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Northern Ireland businesses express 'relief' over extension of furlough scheme


Welcome move: Ann McGregor

Welcome move: Ann McGregor

Welcome move: Ann McGregor

Northern Ireland business and politicians have welcomed the extension of the furlough scheme until the end of October.

The scheme - which pays 80% of a worker's salary up to a £2,500 monthly cap - will remain unchanged until the end of July and then continue with employers expected to start footing some of the multi-billion pound bill.

First Minister Arlene Foster said the Chancellor's announcement was "very much welcome".

She added: "We will of course look at the detail, but at first glance it will give help and certainty to employers around Northern Ireland."

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Ann McGregor, chief executive of the NI Chamber, said the extension was a welcome move.

"Over the coming months, the Government should continue to listen to business and evolve the scheme in line with what's happening within the business environment," she said.

"Further support may yet be needed for companies who are unable to operate for an extended period, or those who face reduced capacity or demand due to ongoing restrictions."

Chancellor Rishi Sunak told MPs that from August there will be greater flexibility to allow furloughed staff to begin returning to work.

"Employers currently using the scheme will be able to bring furloughed employees back part-time," he said. "And we will ask employers to start sharing with the Government the cost of paying people's salaries."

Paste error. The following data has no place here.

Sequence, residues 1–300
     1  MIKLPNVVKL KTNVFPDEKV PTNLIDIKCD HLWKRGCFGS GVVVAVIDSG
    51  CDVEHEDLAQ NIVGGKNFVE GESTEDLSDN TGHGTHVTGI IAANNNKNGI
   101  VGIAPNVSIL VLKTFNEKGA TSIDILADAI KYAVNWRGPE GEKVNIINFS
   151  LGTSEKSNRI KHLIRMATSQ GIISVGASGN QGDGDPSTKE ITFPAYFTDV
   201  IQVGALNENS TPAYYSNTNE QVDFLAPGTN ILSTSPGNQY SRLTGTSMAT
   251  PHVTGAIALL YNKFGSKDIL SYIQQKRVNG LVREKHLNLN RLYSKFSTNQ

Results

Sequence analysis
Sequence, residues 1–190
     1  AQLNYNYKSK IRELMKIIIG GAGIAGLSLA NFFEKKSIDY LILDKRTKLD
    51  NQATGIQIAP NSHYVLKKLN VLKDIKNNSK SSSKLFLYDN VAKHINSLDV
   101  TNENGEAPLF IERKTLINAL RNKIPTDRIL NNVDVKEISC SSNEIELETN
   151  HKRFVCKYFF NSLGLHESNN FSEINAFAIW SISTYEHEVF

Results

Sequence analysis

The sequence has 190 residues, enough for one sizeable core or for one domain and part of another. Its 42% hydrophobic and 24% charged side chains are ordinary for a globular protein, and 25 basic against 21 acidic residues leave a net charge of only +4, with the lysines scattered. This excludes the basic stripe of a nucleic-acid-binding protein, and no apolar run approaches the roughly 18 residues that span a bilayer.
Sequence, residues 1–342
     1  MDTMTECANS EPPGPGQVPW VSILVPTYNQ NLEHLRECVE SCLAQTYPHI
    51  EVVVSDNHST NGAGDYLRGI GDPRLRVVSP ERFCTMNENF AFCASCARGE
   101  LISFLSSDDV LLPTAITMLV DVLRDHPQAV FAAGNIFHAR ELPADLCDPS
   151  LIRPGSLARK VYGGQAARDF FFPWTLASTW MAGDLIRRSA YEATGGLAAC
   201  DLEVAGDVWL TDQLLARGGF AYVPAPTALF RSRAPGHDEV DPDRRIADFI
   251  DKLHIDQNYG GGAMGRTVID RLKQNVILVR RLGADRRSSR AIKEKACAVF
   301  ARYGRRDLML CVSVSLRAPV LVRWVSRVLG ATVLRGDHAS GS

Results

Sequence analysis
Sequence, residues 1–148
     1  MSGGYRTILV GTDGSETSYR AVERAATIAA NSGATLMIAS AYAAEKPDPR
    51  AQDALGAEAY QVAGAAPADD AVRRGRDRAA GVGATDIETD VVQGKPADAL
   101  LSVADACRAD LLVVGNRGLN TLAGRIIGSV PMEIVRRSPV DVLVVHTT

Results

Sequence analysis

Under the scheme - which has already cost the taxpayer £10bn - staff will continue to receive the current level of support through a combination of state and employer contributions.

Details will be announced at the end of the month following consultations with business, but officials have acknowledged the state will continue to make the largest contribution.

Retail NI chief executive Glyn Roberts said: "It will be a relief to many of our members and the wider business community that the Chancellor has extended the scheme."

Stressing the need for flexibility, South Belfast MP Claire Hanna said: "While we await more detail, it is very welcome that workers will continue to receive 80%, at minimum, of their salary.

"While this is a very positive announcement and will provide clarity and relief to many across Northern Ireland, it is important that the UK government will be flexible with people and businesses, and to reflect the 'phasing back' and part time working that many businesses will require, to ensure they we don't face a new cliff edge in October."

Alliance MP Stephen Farry said further detail was needed on how it will operate from the summer.

Meanwhile, Mr Sunak has said he is "looking at the best thing to do" with the coronavirus self-employment income support scheme.

He was asked in a BBC interview if he would extend the scheme enabling the self-employed to claim a taxable grant of 80% of their average monthly trading profits, up to a cap.

He said: "We're looking at the best thing to do but ... the reason for that is slightly different in that many of those self-employed people are not in sectors which are necessarily closed or have an employer who has reduced their hours.

"It is a slightly different scheme which I was clear about at the beginning, but what I would say to those people, millions of those people who are eligible, ahead of schedule the scheme is now open, they can apply this week, they'll be getting the emails and they will have the same amount of support based on their historical earnings ... by the end of the month."

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